Minoru Kawasaki’s loving tribute to kaiju movies drags whenever the action moves away from the monsters.
(This review is part of our coverage of the 2020 Fantasia International Film Festival.)
Movies don’t always have to be serious. They don’t always have to reflect real world events, or teach us how to live. Sometimes they can just be about making it to the party of the year in time, or escaping a masked serial killer. Or, y’know, a giant octopus attacking Tokyo.
Monster Seafood Wars will immediately disappear from your mind when it’s over, never to be thought about again, but it’s an extremely good-natured parody of Toho Studio movies, right down to the miniature work and actors wearing monster costumes while stomping around a pretend Tokyo.
Its primary mistake is far too often moving the action away from the monsters in favor of the dull human characters and their dull human character plots. Still, you have to love a kaiju movie that gives a killer squid eyelashes.
Shot as a documentary, Monster Seafood Wars recounts the battle waged against the monsters by the Seafood Monster Attack Team (or S.M.A.T.). Among the team members are Yuta (Ketsuke Ueda), his rival Hikoma (Yuya Asato), and the girl they’re both attracted to (Ayano Yoshida Christie). Yuta is responsible for the sea creatures growing to such enormous size, after experimenting with a mysterious chemical called Setap Z.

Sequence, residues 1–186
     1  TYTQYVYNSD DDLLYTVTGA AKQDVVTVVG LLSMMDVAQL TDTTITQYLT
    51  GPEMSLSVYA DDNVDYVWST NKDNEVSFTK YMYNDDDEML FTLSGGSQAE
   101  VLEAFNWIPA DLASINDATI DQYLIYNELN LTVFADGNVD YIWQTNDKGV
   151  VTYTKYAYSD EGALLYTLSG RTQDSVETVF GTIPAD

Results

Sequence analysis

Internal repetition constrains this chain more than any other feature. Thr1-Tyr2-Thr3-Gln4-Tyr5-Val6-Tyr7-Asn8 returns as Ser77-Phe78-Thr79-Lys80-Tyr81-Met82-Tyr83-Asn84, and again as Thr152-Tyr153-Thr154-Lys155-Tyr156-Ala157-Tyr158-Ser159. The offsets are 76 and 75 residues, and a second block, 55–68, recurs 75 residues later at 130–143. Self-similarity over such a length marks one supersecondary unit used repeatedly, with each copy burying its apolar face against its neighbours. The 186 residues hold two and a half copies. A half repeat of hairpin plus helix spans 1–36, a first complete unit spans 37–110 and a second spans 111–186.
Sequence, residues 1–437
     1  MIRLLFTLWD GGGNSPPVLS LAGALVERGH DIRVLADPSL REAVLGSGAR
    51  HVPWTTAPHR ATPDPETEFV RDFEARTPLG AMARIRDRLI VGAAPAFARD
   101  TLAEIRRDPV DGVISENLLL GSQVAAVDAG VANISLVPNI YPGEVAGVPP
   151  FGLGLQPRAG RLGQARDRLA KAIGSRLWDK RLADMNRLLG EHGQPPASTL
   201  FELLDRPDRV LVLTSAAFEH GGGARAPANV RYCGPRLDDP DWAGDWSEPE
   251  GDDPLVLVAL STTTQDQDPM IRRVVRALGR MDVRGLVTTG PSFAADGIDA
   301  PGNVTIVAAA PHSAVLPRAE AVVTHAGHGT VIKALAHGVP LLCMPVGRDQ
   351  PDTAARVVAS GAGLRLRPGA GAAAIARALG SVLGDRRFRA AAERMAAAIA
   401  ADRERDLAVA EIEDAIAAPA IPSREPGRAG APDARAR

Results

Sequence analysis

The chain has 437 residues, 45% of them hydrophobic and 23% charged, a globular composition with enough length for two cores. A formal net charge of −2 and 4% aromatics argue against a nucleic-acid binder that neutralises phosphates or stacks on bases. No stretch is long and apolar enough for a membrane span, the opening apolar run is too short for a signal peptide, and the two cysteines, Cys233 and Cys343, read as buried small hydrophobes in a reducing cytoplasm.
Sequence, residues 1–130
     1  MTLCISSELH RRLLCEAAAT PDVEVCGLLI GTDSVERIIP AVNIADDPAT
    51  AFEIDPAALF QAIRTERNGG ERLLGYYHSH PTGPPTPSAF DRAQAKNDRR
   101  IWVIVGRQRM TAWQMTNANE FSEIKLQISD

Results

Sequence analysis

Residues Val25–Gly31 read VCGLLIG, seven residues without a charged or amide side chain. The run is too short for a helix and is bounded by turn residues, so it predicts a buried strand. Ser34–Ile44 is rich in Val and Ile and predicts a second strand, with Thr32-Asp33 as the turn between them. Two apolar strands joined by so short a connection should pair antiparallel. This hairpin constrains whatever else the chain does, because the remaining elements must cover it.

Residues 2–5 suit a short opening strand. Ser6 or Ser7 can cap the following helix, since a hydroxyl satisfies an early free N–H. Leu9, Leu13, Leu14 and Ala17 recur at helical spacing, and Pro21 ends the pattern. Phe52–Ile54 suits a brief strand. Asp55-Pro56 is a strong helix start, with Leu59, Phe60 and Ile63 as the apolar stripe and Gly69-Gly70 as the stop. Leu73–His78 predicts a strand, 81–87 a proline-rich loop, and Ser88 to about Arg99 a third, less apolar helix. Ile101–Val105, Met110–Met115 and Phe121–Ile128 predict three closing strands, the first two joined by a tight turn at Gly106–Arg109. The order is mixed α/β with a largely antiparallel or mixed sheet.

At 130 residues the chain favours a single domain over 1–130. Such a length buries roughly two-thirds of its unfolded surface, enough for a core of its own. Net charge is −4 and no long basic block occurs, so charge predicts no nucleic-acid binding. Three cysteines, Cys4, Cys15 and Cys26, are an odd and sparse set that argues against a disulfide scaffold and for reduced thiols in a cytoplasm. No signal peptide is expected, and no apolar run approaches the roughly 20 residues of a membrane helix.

When attacking the monsters with a cannon that shoots rice vinegar (which looks hilariously like they’re being pissed on) doesn’t work, the team must work to come up with a different solution before they’re battered and deep fried in revenge.
Monster Seafood Wars will immediately disappear from your mind when it’s over, never to be thought about again, but it’s an extremely good-natured parody.
When Monster Seafood Wars works, it’s delightfully silly, particularly a sequence in which it’s discovered that the monsters, when killed and prepared by professional chefs, are delicious. The comical swooning the character do over the food may make you lovingly reminisce over the best meal you ever had (though it presumably wasn’t made from a giant octopus). I won’t spoil how the team manages to finally bring the gigantic sea creature menace to an end, but it’s as entertaining as any action sequence you’re likely to see this year.
The problem is that the monsters only account for maybe 30% of the movie. Much of the rest of it focuses on unengaging human characters, and a dreadfully tiresome love triangle. It plays out exactly as you’d expect it to, and adds nothing to the overall story. Often, it feels as though Kawasaki only had a half hour worth of plot, and wrote the rest of it on the fly to get it to feature length. That’s a shame, because when it’s on point, Monster Seafood Wars is a lot of fun. Like Fantasia 2019’s Lake Michigan Monster, it successfully walks the difficult line between parody and mockery. It’s clear that Kawasaki loves the kaiju genre. If only he had given the audience more of it.